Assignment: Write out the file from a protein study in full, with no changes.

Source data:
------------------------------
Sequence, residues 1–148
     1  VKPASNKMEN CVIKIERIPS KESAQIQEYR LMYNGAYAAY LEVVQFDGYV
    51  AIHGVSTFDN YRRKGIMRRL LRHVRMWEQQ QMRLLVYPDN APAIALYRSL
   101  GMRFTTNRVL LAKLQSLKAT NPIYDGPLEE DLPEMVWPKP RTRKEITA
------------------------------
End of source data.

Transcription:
Sequence, residues 1–148
     1  VKPASNKMEN CVIKIERIPS KESAQIQEYR LMYNGAYAAY LEVVQFDGYV
    51  AIHGVSTFDN YRRKGIMRRL LRHVRMWEQQ QMRLLVYPDN APAIALYRSL
   101  GMRFTTNRVL LAKLQSLKAT NPIYDGPLEE DLPEMVWPKP RTRKEITA